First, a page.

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sintech

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Re: How to wire a 24 circuit DL plug (Jim L method)
« Reply #2 on: March 11, 2013, 09:45:30 AM »
Jim, it's pure art to my eye, thanks for sharing.

marcmozart

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Re: How to wire a 24 circuit DL plug (Jim L method)
« Reply #3 on: March 16, 2013, 09:06:05 PM »
Jim,
thanks again - here's proof I'm officially using the Jim L-method. Still on a learning curve though, but my first 24 circuit D-Sub to DL plug is actually working beautifully and already delivering sound into my G-Series!
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jimlfixit

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Reply to Marc M about "How to wire a 24 circuit DL plug (Jim L method)"
« Reply #4 on: March 16, 2013, 09:49:09 PM »
Hi Marc. Thanks for replying. I saw your picture and wondered what cable are you using? It is a standard type colour code judging from the colours but I can't be sure what make it is. What type of strippers are you using for this? Did you see the red Stripmaster version I showed in my DL post?

Be careful stripping the black insulation off the balanced circuits as it looks like you may be in danger of accidentally cutting into the core wires. Also, why have about a 40mm length of heatshrink on there? Surely, you only need enough to cover the circuit and core wires plus screen. Maybe 20 or 25 should be enough.

Heatshrink is okay but less flexible than rubber sleeving especially if used in a small area like a DL connector although it has a smaller diameter. I have mentioned advantages and disadvantages for both in one of my wiring posts about patchbays I think.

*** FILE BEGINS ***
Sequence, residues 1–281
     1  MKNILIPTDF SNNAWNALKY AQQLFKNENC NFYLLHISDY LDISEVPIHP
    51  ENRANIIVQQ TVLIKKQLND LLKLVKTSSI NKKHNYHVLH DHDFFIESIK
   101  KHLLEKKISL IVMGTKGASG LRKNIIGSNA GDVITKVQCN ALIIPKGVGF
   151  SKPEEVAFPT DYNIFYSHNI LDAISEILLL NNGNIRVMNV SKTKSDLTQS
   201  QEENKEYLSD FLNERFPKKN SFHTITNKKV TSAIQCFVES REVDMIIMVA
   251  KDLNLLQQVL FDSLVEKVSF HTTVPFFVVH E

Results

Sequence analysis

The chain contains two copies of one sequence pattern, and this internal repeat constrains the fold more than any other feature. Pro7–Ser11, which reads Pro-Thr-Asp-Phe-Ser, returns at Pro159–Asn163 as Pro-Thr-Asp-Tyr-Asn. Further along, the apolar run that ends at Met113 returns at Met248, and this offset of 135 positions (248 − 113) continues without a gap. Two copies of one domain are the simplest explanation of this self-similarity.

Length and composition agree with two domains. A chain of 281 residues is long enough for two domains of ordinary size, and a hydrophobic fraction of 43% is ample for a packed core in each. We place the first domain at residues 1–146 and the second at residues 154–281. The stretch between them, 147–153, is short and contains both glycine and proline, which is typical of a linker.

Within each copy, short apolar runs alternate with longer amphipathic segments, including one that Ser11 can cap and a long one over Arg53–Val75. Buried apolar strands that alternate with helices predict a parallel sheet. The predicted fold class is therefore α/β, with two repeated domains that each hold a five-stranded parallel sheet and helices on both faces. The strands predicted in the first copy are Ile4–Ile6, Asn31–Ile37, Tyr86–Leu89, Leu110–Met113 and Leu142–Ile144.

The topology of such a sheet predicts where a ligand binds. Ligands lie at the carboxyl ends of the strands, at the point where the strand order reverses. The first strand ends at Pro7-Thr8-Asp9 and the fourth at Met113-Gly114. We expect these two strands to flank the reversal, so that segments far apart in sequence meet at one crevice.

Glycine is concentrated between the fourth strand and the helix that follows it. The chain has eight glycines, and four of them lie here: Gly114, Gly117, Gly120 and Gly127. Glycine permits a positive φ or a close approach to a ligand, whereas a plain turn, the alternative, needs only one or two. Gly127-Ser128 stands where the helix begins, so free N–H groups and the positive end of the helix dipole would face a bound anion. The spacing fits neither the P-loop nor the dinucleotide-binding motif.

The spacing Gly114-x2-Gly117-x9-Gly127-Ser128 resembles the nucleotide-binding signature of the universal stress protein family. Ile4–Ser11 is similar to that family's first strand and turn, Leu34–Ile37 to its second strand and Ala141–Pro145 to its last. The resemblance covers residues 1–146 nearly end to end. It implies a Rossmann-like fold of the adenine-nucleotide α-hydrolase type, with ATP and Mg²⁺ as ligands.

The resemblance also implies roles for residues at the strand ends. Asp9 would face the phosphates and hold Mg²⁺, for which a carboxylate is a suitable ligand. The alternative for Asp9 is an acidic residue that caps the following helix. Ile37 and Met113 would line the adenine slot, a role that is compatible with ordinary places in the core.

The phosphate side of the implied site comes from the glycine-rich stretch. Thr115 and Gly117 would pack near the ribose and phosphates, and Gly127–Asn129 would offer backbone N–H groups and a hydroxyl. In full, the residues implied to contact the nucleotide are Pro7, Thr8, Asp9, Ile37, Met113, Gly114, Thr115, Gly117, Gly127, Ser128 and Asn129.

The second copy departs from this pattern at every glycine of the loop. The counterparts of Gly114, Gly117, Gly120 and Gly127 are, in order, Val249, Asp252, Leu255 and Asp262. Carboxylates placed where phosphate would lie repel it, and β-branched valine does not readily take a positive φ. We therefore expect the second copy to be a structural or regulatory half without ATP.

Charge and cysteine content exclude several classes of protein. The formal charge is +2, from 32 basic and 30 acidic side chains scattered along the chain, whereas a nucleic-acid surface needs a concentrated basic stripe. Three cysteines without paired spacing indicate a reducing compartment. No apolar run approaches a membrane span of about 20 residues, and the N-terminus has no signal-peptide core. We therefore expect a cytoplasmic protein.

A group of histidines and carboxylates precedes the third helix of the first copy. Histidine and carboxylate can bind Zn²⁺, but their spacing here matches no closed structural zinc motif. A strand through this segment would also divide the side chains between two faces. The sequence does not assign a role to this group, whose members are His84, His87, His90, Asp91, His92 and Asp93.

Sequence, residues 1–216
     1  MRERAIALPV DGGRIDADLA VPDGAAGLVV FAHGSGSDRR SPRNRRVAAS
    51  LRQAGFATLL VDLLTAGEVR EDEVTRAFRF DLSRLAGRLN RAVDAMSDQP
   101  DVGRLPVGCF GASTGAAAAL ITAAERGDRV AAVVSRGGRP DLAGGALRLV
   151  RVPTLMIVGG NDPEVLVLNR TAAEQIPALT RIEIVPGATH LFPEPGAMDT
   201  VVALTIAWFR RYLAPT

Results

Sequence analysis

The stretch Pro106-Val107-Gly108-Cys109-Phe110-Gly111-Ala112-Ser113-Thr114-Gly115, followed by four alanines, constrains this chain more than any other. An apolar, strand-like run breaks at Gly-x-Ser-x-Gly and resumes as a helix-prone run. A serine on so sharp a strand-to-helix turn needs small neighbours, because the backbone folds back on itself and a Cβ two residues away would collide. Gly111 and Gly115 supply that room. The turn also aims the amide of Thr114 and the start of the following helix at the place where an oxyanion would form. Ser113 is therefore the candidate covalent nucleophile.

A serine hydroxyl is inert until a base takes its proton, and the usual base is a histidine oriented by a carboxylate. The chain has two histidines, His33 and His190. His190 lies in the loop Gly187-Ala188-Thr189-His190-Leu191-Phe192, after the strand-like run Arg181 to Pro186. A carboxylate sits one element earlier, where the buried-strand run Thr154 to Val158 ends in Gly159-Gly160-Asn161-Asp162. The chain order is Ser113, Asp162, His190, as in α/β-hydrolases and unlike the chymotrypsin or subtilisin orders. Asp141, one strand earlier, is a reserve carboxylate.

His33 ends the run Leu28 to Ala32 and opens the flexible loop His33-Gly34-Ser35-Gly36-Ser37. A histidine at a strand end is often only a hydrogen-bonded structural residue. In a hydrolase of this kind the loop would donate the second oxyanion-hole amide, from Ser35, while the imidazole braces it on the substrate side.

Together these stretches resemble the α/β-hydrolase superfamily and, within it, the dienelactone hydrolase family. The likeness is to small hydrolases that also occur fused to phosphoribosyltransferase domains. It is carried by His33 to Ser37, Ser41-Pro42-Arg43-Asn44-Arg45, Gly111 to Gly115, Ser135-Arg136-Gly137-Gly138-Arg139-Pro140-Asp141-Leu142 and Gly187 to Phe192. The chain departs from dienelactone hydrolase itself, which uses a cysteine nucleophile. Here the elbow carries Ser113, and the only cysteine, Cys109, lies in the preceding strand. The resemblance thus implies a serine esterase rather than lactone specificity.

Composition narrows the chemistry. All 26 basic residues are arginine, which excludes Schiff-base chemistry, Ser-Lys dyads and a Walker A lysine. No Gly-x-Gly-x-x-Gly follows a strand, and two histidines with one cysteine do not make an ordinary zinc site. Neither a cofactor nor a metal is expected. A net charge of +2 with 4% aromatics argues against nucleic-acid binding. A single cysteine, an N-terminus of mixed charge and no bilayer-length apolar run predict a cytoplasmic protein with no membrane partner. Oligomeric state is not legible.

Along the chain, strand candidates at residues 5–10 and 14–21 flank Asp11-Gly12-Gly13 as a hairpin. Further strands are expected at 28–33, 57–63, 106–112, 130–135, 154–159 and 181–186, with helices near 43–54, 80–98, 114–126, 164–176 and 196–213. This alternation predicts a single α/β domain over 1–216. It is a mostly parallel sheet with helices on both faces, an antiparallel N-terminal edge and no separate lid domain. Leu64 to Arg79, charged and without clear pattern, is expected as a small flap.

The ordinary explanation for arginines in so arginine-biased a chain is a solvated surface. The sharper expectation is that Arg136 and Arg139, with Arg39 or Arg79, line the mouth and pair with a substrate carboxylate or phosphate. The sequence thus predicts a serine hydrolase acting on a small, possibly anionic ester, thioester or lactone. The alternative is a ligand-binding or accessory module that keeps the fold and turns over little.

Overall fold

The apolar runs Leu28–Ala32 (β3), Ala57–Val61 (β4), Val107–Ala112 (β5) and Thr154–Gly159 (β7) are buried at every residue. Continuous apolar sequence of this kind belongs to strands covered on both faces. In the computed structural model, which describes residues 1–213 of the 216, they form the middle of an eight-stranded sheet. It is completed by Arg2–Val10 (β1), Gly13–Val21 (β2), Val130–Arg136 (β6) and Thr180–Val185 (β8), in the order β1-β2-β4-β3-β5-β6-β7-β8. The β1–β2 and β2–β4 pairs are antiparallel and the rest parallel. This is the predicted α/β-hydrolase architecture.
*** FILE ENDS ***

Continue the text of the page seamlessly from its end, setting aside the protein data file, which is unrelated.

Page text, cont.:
I'm about to wire some DL's to PT 25 way D connectors so, will take pictures, document and post something in the wiring menu soon.

Hope this helps for now and regards from Jim Lassen (www.profcon.co.uk).Also on FACEBOOK

marcmozart

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Hi Jim,
this is the cable I'm using... perhaps you can comment on the specs?
http://www.thomann.de/gb/cordial_cms_24_studiocore.htm

I bought these four years ago (before we met), otherwise I would have checked back with you. I had soldered Sub-D's on one end, and XLRs one the other end (for my previous non-console setup). Knowing the console install would come (one day), I made these multicores 7-8 meters long and now cut them in half, and adding DLs.

The wire stripper I have looks similar to the one you use (picture below) - it was 7 Euros at "Praktiker" (german DIY warehouse). I was indeed in danger of cutting into the core wires, and I later found out that by stripping two cables at once it would not do this. I'm also posting a pic of my DL crimper. Luckily, I bought it for very little money on ebay from David Kulka (L.A. tech guru aka http://www.studioelectronics.biz).

I have the check out the rubber sleeving when I get a chance.

Hi Marc. Thanks for replying. I saw your picture and wondered what cable are you using? It is a standard type colour code judging from the colours but I can't be sure what make it is. What type of strippers are you using for this? Did you see the red Stripmaster version I showed in my DL post?